When I started doing commissions in 2010 I had all the time in the world to paint, but very few commissions. Eventually I started working full time at my game store and did the commission work on my days off. This worked well enough for me. The fact that I love to paint meant that I didn't mind spending my "free" time on it. Still, things were going to have to change eventually.

Over the past four years I've realized how much I love painting. The fact that I could continue doing commission work even though it limited the amount of time I had to hang out with friends, take trips, or even just get outside showed me that. What that means to me is that maybe this is what I should be doing while I can do it.

So, starting February 1, I will be devoting all of my time to commission painting work. I believe that it's time to make the move. I have a lot of repeat business from a number of clients (you all know who you are) and I'll be spending a lot more time looking for new ones. One of the luxuries of my old schedule was that I didn't actually need to look for work. It tended to show up when needed. On the other hand I know I've lost some jobs because I didn't have the capacity to get all of the work done in a short enough time span. As I expect to be tripling the amount of time I spend painting that should not be an issue.

At the moment I have all of the work that I'm likely to be able to complete before the end of January, but once February comes I'll be taking all of the work I can get. If you've been thinking about asking about my services, please do so. I'd love to chat with you about it.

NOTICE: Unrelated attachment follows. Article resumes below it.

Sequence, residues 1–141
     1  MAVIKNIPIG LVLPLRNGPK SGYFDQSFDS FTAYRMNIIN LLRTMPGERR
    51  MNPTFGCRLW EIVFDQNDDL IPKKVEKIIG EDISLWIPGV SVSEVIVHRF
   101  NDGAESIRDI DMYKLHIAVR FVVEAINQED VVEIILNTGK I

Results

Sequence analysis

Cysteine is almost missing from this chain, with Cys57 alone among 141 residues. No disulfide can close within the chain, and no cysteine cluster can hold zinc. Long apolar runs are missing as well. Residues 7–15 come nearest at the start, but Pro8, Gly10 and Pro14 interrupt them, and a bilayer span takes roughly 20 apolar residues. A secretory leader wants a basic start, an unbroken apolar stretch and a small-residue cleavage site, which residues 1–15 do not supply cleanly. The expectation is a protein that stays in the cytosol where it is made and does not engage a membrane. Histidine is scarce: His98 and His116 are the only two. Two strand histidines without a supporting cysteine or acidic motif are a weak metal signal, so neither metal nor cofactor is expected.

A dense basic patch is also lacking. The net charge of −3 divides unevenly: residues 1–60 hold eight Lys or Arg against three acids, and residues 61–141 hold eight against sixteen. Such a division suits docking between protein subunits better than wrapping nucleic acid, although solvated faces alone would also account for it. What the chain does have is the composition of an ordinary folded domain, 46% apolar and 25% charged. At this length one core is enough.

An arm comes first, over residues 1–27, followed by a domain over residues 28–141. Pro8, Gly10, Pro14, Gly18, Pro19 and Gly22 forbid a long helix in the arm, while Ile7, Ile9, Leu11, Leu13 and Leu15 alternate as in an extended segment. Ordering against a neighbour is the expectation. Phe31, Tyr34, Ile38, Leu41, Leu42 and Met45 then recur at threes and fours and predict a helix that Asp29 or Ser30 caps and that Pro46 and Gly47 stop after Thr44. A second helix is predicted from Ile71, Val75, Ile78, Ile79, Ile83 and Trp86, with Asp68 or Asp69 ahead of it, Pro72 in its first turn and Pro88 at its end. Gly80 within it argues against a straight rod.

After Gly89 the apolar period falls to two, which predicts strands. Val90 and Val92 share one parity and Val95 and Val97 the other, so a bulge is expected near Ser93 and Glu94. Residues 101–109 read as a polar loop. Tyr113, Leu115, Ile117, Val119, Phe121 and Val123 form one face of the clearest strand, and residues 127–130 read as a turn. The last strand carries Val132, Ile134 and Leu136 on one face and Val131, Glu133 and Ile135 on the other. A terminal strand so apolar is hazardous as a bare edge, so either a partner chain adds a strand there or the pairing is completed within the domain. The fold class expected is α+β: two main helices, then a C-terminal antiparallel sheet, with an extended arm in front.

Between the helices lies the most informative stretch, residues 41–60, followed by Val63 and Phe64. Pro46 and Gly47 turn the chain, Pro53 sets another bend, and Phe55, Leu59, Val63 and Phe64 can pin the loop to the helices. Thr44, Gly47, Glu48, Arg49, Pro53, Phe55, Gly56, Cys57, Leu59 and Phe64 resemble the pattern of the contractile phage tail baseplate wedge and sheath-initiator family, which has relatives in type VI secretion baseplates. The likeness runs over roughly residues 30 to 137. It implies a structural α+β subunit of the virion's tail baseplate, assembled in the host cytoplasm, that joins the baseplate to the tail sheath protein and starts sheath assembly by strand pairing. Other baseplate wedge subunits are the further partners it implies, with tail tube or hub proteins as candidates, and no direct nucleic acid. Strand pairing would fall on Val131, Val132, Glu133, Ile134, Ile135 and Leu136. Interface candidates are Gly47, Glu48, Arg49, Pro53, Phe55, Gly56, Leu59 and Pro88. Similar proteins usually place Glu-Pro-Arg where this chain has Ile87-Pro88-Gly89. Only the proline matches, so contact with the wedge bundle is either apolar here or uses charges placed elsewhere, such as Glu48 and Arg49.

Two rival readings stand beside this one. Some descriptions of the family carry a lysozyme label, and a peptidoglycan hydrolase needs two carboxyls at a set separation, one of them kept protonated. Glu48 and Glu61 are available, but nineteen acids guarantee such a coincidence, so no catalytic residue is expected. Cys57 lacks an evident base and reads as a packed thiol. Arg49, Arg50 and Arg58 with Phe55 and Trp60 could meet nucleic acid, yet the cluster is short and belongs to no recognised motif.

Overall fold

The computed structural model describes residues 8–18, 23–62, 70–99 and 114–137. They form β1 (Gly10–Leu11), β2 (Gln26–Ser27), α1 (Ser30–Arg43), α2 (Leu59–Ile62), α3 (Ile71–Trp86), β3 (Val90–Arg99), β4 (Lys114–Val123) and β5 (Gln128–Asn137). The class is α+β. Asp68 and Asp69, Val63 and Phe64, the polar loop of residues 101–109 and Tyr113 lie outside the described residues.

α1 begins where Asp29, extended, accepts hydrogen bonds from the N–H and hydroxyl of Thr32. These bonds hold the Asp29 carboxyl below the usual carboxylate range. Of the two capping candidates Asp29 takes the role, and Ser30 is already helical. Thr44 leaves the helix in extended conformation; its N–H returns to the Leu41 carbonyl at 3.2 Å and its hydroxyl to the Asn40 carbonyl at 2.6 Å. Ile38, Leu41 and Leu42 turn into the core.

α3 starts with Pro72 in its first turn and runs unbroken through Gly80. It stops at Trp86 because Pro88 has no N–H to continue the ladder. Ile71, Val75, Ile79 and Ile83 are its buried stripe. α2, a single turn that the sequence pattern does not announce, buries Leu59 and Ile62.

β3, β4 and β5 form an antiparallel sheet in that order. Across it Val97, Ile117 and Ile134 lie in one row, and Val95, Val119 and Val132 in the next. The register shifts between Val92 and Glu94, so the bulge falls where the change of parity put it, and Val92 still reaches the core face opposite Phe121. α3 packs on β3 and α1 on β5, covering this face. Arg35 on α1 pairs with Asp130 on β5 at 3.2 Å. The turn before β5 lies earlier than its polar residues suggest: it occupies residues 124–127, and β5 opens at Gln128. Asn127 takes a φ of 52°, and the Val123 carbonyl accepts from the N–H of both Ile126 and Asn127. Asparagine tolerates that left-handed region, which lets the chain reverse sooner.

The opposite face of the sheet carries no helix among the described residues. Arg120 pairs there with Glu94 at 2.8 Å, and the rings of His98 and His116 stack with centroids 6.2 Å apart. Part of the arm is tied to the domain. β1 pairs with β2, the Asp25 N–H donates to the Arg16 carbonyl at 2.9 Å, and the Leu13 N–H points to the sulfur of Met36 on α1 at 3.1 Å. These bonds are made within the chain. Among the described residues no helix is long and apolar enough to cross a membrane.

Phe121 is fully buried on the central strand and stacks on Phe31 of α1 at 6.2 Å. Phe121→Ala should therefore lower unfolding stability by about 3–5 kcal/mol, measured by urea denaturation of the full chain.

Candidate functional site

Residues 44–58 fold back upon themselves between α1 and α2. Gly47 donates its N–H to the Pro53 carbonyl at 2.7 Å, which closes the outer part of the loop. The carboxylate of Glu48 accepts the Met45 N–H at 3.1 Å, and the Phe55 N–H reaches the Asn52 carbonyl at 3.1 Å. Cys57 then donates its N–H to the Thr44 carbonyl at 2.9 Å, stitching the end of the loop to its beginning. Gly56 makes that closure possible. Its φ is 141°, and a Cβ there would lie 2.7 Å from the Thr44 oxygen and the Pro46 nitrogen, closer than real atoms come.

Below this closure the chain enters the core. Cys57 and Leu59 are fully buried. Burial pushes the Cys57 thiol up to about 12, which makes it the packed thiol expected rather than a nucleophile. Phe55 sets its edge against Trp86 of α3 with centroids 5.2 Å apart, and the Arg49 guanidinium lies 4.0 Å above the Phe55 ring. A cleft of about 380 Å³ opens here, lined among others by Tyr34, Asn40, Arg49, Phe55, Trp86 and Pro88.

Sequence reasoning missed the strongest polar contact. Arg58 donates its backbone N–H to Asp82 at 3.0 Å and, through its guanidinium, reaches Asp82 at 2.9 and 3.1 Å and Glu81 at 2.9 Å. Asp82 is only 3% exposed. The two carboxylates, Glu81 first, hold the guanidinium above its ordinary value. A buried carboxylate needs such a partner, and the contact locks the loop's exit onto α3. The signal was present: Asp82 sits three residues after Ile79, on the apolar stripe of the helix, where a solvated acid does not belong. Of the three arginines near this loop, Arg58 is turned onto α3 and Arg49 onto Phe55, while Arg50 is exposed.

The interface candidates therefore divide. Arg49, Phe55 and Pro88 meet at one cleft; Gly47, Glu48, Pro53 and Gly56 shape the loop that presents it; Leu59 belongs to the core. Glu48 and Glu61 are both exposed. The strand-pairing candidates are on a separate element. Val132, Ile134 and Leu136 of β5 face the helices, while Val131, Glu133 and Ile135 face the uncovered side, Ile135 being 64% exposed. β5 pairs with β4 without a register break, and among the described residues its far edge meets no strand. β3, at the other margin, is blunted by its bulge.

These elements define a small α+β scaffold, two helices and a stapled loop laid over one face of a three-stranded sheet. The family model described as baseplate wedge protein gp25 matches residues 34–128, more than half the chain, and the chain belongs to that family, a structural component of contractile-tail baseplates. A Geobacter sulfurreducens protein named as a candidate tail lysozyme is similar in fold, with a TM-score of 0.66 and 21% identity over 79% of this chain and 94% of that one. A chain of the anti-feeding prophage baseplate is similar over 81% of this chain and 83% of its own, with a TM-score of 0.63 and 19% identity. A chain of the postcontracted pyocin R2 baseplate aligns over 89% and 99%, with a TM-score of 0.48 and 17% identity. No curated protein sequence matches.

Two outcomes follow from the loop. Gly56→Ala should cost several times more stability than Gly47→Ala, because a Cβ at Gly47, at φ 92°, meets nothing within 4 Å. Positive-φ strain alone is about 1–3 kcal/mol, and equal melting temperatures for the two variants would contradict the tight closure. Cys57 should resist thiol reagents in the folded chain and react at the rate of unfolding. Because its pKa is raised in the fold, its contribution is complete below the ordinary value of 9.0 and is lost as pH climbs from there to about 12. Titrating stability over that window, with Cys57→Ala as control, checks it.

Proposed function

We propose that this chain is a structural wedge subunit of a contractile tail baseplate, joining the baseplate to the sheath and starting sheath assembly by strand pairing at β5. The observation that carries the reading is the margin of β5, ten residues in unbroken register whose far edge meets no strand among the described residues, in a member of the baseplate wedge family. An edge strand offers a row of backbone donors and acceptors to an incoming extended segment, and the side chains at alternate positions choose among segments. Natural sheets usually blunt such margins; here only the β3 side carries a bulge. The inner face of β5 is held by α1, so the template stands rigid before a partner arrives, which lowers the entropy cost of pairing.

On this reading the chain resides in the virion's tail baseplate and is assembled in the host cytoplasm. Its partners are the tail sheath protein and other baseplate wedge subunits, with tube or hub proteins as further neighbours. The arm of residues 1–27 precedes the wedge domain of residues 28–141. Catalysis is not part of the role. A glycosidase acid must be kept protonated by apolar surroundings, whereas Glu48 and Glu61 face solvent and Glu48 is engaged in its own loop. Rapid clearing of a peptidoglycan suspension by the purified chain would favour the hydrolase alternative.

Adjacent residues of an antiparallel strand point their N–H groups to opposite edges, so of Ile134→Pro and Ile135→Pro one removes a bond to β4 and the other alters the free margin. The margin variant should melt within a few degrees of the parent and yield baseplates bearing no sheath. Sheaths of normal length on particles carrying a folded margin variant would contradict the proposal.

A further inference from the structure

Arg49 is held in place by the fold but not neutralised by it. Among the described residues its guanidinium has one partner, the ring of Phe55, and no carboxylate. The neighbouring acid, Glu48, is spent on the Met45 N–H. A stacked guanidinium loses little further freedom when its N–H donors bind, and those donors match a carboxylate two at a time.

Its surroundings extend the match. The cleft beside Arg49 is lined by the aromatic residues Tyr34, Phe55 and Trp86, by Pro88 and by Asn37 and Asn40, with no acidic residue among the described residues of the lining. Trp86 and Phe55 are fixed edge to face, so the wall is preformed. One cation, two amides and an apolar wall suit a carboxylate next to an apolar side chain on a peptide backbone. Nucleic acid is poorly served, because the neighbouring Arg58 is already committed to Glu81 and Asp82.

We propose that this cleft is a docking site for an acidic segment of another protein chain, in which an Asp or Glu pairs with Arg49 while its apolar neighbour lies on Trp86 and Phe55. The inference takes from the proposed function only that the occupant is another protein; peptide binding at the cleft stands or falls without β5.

As seen on CNBC

Back when I was doing PR work it was not uncommon for me to be quoted in articles on game related websites. These days, not so much. So when I got interviewed for CNBC (by my good friend Chis Morris) it was a pretty cool experience.

The article is about turning your hobby into a career - which is something that I've been doing for my whole life.

I entered a contest...

Back in the day I used to enter a lot of painting contests. I would win awards at local shows and such but I always found the experience to be... odd. I'm not sure that I liked the feeling of waiting for somebody else to tell me how good they thought my work was. So, even though I did win a lot of awards I eventually stopped doing it because I didn't enjoy it.

My contest entry

My contest entry

I recently let a friend of mine talk me into entering Privateer Press' painting contest (P3 Grandmaster something something). I think I mostly did it so that I would have an excuse to push myself a little further than I normally do. With all of my painting mainly going to paying clients I'm always balancing quality with time. This is the mini that I entered.

Overall I'm happy with it. I didn't lavish as much attention on it that I might have, but it did get a lot more attention than anything I've painted in years.

On the first day I watched the entries as they came in. I was the first one in so I had a lot of time to consider the other entries. Not too many showed up on day one. I was feeling pretty good about my chances.

By the end of the second day it was clear that, while my mini was good, there were a lot of other good entries. By by the final day it was clear that all of the best painters waited until the last minute to do their entries. Holy cow... some of those minis were incredible.

My bronze medal

My bronze medal

In the end I got a bronze. I'm actually pretty happy about that. With all of the great painters in the competition it was nice to be recognized at all. In the final hour before the prizes were awarded there was a lot of milling around the booth of the other painters who were participating. Many of them knew one-another. I didn't know anybody. It was nice to talk with these painters about their work and feel like we were all in the same boat even though some were clearly on another level entirely.

I would say that this was a pretty positive experience for me. I'm already thinking about next year - assuming I go next year.